Arroyo Bridge Reflections
9 x 12
oil on linen panel
This is a familiar scene I return to time and time again – a view of one of the arroyo seco bridges from down below. I have walked across that stream at varying depths – after a rain storm and in mid summer when the ground is just barely moist. There are often ducks down there which add to the tranquil scene.
Depending upon the time of day, the scene may appear cooler or more golden, as it does in afternoon light.
Visit this link to see more Pasadena and Arroyo Seco area paintings.
Creekside in Malibu
(Malibu Creek State Park)
11 x 14
oil on linen panel
Malibu Creek, in the Santa Monica Mountains, is swelling with winter rains, and the water is nourishing the surrounding lands. This painting celebrates the return of spring in one of our most beautiful local areas, Malibu Creek State Park.
This is an area that I love to visit and paint over and over again. The creek has many different moods depending upon the season and the weather. To see more of my malibu creek paintings, visit this link.
We’ve had a few days of sunshine here, but the rain is headed back again tomorrow. I don’t mind it too much because I know it means a fantastic springtime full of wildflowers. But I do thrive on the beautiful clear skies the way the weather was yesterday. Studio work is fun but plein air painting is the best.
This weekend I’m looking forward to welcoming some visitors to my studio who are interested in seeing some prints of my work. I think it’s time to put aside the brushes for a moment and rediscover the vacuum cleaner.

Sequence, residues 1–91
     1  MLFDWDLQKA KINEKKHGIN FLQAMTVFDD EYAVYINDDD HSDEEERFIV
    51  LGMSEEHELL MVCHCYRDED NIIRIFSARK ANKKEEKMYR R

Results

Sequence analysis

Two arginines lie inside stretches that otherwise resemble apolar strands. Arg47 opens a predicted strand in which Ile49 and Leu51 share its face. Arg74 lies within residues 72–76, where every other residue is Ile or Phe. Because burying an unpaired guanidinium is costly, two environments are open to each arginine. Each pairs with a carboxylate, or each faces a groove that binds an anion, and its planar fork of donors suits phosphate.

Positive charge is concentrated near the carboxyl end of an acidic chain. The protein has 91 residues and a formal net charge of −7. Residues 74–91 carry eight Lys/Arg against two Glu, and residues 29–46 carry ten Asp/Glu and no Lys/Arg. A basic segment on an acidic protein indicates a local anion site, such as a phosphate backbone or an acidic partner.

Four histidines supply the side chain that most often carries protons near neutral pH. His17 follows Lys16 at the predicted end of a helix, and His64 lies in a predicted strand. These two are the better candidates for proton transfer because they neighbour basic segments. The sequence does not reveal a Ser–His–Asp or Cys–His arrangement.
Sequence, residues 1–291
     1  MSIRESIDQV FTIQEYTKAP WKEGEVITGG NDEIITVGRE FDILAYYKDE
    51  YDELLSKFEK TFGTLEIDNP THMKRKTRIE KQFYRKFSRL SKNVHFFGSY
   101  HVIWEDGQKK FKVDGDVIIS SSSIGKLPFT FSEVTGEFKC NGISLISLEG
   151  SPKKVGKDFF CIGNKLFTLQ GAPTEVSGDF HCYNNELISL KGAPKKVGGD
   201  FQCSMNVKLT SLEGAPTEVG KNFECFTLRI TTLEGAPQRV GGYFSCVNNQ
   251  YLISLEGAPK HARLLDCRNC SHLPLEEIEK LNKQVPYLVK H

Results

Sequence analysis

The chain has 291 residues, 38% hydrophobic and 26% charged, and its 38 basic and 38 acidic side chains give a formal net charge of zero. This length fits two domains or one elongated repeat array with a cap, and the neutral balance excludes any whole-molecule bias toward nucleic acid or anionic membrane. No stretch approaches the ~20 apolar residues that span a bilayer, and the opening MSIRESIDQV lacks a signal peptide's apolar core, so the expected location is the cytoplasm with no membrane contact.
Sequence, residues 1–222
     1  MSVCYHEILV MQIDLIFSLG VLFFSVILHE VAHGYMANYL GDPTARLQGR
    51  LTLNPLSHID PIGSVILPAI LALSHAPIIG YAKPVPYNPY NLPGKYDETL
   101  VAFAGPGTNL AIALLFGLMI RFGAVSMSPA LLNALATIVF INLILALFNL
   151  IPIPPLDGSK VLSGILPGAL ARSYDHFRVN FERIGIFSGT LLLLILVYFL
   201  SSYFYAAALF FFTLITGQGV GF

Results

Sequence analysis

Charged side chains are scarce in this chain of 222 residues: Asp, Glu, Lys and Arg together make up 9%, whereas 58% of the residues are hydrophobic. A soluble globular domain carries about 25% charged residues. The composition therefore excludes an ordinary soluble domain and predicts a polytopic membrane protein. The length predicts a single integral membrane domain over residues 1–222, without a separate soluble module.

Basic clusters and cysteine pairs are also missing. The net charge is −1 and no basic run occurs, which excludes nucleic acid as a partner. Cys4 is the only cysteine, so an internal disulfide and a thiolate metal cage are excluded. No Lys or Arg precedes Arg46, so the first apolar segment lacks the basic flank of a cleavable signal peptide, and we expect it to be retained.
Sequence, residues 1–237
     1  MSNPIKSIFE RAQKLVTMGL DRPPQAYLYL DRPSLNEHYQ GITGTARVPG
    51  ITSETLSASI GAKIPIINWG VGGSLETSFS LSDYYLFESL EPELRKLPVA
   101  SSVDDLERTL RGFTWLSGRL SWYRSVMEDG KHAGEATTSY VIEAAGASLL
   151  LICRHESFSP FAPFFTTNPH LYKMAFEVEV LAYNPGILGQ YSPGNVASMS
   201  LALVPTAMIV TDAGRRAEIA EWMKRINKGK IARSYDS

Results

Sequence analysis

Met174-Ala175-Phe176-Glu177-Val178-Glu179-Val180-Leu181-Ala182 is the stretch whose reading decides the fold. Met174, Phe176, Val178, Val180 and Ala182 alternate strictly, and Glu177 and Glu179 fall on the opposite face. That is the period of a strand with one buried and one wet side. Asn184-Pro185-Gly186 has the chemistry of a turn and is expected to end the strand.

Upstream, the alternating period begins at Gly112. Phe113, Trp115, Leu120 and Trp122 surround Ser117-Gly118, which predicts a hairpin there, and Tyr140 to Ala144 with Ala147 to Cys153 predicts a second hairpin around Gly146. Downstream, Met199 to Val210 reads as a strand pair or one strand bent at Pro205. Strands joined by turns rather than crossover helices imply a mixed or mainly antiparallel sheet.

June Lake Loop area, near Rush Creek, featuring Carson Peak
20 x 24 inches oil on canvas
SOLD to a collector from Walnut Creek, CA
This is the next in my continuing series of paintings of the eastern Sierra, a studio painting based on plein air reference of a beautiful spot on the June Lake Loop, off of Highway 395. Aspens and rabbitbrush provided the warm color notes against the blue violet of Carson Peak. This location is not far from Grant Lake and Silver Lake if that helps in defining the locale.
I have spent so much time recently painting smaller paintings for shows, it feels good to stretch out and paint larger. For those of you who have been asking when I’m going to paint more large works, yes, they’re on the way.
9 x 12
Along with my landscape painting, I’m getting interested in figurative work, and occasionally make time to paint from a live model as I did this last weekend at Randy Higbee’s studio in Costa Mesa. The assembled painters had the opportunity to paint this lovely woman, Toni, wearing one of her many period costumes. This one is reminiscent of a Victorian or Gibson Girl era. Rather than paint her in a contemporary style I chose to interpret her using a style more appropriate to that historical period. Painting out of my comfort zone is a lot of fun. It shakes things up and forces us to think differently about what we are doing.
Where my California landscapes might be right at home in a craftsman home or California bungalow, this one would probably fit in very well in one of those San Francisco “painted lady” Victorian parlors.
12 x 16 inches
Oil on linen panel
In the fall, storms begin to gather over the Sierra, offering dramatic lighting effects. This storm was breezing up and brought two days of downpour in its wake. We outran it and came back to paint another day. The sage and rabbit brush looked wonderful rimlit by the sun.
For more sierra paintings, click here
If you have a question or or would like to find out if a painting is still available for sale…..
Sierra Peak Study
6″ x 6″
oil on canvas
This small painting is a study preparatory to a larger commissioned painting I am working on. I thought I would take one of the peaks in the range and explore some possibilities of color and brushwork before diving into the larger wide panorama. This is a mountain outside of Bishop, California, touched by the morning sun in early November. Painting loosely, my objective was to work with the inherent complementary scheme in order to learn how I would need to make adjustments on the larger piece.